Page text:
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Deutsche Bank's bonus round is causing recriminations.

Morning Coffee: Bitterness over bonus allocations at Deutsche Bank. Goldman Sachs interns are back to the canteen

When you discover that the traders took all the bonuses

One of the big challenges of managing a global universal bank is balancing the “one bank” message against the “eat what you kill” message.  Most of the time, a CEO like Deutsche Bank’s Christian Sewing wants to be promoting the idea of a unified culture, with everyone working together and sharing the same values and aspirations. But once a year, it’s time to determine bonus pools, and at that point it becomes very relevant that different business lines had different performance and that the employees are not, in truth, all in it together at all.

This sort of drama usually plays itself out between the warring kingdoms of the investment bank – Sales & Trading versus Capital Markets & Advisory, Fixed Income versus Equities.  But every now and then, you get a situation where the resentment is directed toward the investment bankers as a group, from the retail bank or the other parts of the franchise.

This year, despite a bit of nervousness ahead of the event due to uncertainty about what the regulator was telling them and with a judicious mix of deferred and cash awards, Deutsche seems to have paid quite well, particularly for the traders who had an excellent 2020.  That’s not popular with Deutsche Bank's call centre employees, who are currently on strike. 

“It’s bitter to see what kind of bonus pots are possible for investment bankers when there’s supposed to be no money for the company’s low-paid staff,” the leader of a trade union representing Deutsche's retail bankers told Bloomberg. “There’s enough money for investment bankers but not for us,” complained someone manning DB's phones.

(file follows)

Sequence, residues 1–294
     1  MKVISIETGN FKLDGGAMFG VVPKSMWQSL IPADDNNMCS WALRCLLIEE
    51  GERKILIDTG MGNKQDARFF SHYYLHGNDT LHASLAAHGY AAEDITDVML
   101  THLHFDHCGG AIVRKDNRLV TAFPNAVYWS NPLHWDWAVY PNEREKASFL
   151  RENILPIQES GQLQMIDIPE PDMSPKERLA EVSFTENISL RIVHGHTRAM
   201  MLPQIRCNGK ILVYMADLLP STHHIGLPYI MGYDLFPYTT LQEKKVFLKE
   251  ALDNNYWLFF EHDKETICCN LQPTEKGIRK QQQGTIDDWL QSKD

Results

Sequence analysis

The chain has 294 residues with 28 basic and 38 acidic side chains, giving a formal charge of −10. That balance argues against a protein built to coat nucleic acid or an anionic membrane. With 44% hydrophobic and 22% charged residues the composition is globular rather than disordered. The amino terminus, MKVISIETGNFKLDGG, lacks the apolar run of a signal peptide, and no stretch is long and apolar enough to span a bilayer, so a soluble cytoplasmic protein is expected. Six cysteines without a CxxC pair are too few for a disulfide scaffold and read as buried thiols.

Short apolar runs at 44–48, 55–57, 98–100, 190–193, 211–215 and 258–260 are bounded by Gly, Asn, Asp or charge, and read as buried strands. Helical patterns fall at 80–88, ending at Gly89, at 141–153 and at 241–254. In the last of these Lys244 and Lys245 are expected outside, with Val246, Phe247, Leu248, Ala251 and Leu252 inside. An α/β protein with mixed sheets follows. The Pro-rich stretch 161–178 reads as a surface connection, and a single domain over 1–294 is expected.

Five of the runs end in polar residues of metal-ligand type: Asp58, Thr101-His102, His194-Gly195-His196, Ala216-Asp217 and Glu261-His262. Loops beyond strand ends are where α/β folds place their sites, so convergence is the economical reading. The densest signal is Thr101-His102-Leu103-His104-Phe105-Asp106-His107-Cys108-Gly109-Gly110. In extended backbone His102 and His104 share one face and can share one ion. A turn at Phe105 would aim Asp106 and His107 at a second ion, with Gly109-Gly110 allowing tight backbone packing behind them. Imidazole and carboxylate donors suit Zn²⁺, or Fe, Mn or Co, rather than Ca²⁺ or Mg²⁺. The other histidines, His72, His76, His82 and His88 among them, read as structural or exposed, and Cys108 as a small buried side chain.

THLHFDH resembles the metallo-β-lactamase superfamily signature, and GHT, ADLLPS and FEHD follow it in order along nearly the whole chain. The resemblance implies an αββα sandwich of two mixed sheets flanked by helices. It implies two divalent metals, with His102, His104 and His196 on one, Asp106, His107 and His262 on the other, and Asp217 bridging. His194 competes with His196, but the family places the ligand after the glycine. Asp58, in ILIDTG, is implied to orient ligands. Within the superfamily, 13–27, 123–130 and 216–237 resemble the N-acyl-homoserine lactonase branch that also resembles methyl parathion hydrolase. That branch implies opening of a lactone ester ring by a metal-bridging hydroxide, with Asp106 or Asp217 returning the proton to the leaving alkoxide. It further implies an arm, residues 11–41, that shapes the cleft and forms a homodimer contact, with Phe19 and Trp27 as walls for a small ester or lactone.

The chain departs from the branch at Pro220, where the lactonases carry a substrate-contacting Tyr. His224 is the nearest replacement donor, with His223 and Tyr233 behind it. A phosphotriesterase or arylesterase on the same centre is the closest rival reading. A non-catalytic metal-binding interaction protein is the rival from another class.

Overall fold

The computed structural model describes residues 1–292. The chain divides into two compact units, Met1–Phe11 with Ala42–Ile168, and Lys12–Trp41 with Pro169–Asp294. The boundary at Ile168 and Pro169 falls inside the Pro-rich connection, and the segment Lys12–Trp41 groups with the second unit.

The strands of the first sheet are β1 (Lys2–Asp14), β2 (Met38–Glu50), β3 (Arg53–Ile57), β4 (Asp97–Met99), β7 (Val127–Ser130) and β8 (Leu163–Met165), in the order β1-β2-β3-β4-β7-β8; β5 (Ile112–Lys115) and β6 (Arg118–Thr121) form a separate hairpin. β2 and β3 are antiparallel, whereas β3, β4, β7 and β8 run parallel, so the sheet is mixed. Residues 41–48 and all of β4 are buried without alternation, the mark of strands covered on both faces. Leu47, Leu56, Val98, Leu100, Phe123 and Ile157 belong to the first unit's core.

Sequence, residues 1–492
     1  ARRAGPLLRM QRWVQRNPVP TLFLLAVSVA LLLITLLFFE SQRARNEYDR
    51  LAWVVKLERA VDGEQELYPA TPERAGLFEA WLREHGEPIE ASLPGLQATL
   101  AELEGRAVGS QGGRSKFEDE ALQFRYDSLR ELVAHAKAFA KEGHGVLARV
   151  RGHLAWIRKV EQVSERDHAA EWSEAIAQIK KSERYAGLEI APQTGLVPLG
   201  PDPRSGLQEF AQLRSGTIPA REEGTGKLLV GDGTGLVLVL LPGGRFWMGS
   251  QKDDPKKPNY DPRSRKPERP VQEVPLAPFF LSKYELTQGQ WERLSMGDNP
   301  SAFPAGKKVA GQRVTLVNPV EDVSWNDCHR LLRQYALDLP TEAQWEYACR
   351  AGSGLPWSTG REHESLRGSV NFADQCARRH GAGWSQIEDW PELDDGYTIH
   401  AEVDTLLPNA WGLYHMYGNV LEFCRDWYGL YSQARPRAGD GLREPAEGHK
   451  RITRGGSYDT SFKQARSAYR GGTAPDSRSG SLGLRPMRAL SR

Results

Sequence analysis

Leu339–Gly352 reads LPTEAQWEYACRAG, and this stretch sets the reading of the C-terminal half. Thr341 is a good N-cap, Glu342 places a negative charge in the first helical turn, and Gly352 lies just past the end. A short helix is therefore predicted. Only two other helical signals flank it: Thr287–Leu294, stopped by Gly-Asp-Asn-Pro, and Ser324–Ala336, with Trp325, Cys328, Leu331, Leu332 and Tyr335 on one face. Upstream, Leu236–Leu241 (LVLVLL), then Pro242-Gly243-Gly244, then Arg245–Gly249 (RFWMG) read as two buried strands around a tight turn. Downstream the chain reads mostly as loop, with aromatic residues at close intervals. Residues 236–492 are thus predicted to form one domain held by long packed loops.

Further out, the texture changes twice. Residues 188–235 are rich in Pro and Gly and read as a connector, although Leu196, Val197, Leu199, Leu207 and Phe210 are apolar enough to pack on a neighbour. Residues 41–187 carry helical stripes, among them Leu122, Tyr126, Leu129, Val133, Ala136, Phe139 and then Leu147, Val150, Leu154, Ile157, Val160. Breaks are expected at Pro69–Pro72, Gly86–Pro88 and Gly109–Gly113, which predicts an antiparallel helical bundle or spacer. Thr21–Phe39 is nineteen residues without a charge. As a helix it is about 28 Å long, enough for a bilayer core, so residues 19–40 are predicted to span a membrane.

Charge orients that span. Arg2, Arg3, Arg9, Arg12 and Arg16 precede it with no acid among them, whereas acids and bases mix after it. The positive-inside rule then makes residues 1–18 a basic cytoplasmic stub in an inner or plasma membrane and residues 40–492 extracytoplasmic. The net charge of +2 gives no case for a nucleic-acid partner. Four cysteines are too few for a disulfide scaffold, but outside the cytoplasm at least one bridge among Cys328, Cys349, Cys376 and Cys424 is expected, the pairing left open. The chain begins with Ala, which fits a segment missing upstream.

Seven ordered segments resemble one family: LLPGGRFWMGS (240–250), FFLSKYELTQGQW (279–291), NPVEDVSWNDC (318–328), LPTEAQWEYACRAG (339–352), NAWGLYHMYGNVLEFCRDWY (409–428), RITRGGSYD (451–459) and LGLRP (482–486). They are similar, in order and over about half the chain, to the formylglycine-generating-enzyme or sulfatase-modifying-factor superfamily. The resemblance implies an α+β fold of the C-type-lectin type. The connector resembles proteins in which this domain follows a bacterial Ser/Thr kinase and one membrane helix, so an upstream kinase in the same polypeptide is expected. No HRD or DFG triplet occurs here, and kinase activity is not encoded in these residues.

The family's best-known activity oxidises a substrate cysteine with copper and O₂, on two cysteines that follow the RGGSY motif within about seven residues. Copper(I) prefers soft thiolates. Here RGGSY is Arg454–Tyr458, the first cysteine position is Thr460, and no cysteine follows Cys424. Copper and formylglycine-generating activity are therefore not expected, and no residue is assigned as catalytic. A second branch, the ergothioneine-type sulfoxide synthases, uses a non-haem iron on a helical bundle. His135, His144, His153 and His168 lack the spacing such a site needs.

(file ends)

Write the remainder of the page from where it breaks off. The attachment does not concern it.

While the call centre staff are undoubtedly paid far less than people in Deutsche's investment bank, their claim to getting a pay subsidy from the trading floor isn't straightforward. Deutsche doesn't report separate results for its retail banking division, but the private banking division, which includes it, has made a pretax loss for the last two years and is weighed down by restructuring costs, low interest rates and the pandemic.  Even in good years, German retail banking is hardly a cash cow that can subsidize other areas, so it will never be able to return the favour.  In order to achieve profitability targets in a market dominated by mutual savings banks, Deutsche really needs to pull every string on cost control, and that’s not going to be achieved by backing down from industrial action because the bond traders had a good year.

 Maybe Deutsche’s pitch to the branch staff ought to be more aspirational than transactional.  One of the greatest sources of resentment in universal banks is the perception that the investment bankers are a separate class, aloof and superior compared to the other divisions.  But Mr Sewing was an apprentice in Bielefeld himself, and now he’s head of investment banking as well as CEO.  Deutsche recently announced it was expanding the horizons of its associate-level recruiting beyond the usual MBA schools; perhaps it might do well to include some people who demonstrate that there’s a career path from the branch network to high finance if you’re smart enough and want it enough...